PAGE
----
A new case study published in Forensic Science, Medicine, and Pathology, describes the unusual incident of a 76-year-old woman who bled to death after a rooster pecked at her leg. This tragedy has prompted doctors to highlight an extremely common blood vessel condition that often comes with age.
The unfortunate attack occurred on a rural property in South Australia, as the older woman was collecting eggs in her chicken coop. A few aggressive pecks from the resident rooster on her leg caused her to hemorrhage and collapse.
The autopsy exposed two puncture wounds in her lower left leg, one of which was exactly on a varicose vein. These veins have weakened or damaged blood vessels with valves that do not function properly, so the blood struggles to effectively flow back to the heart.
According to the case study, as soon as the woman realized she was bleeding, she attempted to get her husband’s attention by going towards him. She collapsed on the driveway, leaving a trail of blood back to the house but died before help arrived. The deceased woman had a medical history of being overweight, having high blood pressure and diabetes. Her varicose veins had been operated on earlier, but the persistent condition was severe enough that she had trouble walking.
Pathologist Roger Byard told the Australian Broadcasting Corporation, “There are a couple of messages, one is never trust a rooster … the second one is if you’ve got varicose veins, get something done about it”.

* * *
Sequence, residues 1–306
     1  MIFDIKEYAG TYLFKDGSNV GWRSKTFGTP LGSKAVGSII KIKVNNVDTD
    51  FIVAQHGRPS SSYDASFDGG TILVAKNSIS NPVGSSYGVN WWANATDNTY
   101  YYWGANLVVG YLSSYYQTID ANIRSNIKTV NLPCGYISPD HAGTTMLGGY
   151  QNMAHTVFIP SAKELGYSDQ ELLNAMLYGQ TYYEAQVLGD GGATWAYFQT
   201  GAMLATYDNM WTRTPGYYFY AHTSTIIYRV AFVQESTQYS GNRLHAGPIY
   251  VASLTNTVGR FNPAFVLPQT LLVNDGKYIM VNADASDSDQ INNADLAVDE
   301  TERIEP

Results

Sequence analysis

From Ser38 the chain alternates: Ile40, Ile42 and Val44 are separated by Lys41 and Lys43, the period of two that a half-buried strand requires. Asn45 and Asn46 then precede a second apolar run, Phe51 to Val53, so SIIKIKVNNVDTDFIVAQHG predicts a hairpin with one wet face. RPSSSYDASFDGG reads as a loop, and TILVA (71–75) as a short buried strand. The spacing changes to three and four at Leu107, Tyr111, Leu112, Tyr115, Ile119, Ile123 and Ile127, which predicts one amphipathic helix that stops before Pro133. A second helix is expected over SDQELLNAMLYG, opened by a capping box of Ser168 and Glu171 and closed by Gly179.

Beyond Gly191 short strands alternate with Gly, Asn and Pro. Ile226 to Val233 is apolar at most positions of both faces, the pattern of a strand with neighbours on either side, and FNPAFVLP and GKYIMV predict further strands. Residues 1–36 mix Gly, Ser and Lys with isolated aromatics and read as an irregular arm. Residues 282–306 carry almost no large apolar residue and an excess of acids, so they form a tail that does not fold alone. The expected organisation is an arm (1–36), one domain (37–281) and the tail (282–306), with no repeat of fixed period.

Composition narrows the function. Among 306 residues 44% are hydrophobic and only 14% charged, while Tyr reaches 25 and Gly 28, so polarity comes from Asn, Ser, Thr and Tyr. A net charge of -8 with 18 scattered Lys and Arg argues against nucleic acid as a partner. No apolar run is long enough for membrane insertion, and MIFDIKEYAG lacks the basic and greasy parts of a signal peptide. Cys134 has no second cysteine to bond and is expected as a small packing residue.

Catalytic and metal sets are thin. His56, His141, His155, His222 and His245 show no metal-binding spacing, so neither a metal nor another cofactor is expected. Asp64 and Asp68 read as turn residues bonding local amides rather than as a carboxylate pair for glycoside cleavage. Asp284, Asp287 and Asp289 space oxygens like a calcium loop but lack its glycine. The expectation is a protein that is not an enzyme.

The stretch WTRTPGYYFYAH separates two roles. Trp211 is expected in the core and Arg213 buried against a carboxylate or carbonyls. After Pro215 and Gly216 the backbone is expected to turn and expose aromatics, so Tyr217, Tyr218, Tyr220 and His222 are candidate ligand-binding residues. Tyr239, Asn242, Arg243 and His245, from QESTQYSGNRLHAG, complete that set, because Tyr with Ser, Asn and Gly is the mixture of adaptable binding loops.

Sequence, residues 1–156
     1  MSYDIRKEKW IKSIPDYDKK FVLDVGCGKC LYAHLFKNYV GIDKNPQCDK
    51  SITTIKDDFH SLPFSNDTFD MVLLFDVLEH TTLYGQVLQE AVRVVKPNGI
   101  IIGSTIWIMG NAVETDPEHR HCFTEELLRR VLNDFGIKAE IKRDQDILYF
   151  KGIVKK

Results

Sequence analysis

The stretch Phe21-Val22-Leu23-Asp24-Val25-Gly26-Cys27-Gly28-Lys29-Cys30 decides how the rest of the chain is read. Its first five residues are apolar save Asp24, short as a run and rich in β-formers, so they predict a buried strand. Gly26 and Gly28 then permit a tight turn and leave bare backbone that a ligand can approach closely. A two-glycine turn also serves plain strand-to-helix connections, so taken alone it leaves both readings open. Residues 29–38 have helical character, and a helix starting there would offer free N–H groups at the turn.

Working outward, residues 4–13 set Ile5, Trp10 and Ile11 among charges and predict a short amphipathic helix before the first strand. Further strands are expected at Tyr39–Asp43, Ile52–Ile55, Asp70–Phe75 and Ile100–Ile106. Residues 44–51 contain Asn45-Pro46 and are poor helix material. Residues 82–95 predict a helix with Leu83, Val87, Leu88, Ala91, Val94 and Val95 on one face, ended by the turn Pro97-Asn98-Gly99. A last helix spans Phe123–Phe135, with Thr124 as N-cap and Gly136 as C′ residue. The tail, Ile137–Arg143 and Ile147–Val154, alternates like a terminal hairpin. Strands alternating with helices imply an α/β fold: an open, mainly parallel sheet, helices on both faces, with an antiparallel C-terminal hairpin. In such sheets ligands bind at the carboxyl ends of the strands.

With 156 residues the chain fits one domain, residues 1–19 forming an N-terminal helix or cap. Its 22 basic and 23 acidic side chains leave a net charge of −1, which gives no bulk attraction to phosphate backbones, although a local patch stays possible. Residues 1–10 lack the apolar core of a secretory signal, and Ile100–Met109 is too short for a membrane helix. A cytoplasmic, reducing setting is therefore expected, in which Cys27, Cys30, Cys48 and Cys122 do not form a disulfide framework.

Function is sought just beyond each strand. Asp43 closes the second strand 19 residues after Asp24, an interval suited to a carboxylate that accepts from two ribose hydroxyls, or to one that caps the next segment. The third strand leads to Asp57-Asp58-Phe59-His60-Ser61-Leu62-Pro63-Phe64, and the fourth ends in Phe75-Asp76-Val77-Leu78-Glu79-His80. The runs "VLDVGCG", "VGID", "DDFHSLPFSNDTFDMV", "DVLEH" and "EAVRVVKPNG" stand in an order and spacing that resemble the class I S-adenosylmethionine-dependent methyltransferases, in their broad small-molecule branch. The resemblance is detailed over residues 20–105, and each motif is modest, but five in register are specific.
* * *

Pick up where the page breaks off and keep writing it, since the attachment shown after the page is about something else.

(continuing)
Varicose ruptures are a long-lasting clinical condition that is typically benign. However, svere cases can lead to serious consequences if left untreated. When a varicose vein gets ruptured, it can trigger arterial bleeding and a dangerous medical emergency, which can prove fatal.
Death from haemorrhage caused by a varicose rupture is uncommon with a study finding just 66 cases described in reports between 1973 and 2012. But there are characteristics like old age, social isolation, and underlying medical conditions such as liver cirrhosis or ischemic heart disease, make some people more vulnerable. Smaller varicose veins generally aren’t an issue, but for severe conditions, there are numerous treatment options, some of which are less invasive than others.
Pathologists explain in the clinical study, “The fragility of the skin and underlying soft tissues in older individuals means that varicose veins are vulnerable to injury from relatively minor trauma. This has, on occasion, resulted in significant haemorrhage.”
The study authors also describe a similar case, shared by a fellow doctor, where a house cat scratched a person’s lower leg, producing an uncontrollable and eventually fatal bleed.
In this case, the rooster pierced an equally unfortunate spot.
“This case demonstrates that even relatively small domestic animals may be able to inflict lethal injuries in individuals if there are specific vascular vulnerabilities present,” the case study highlighted.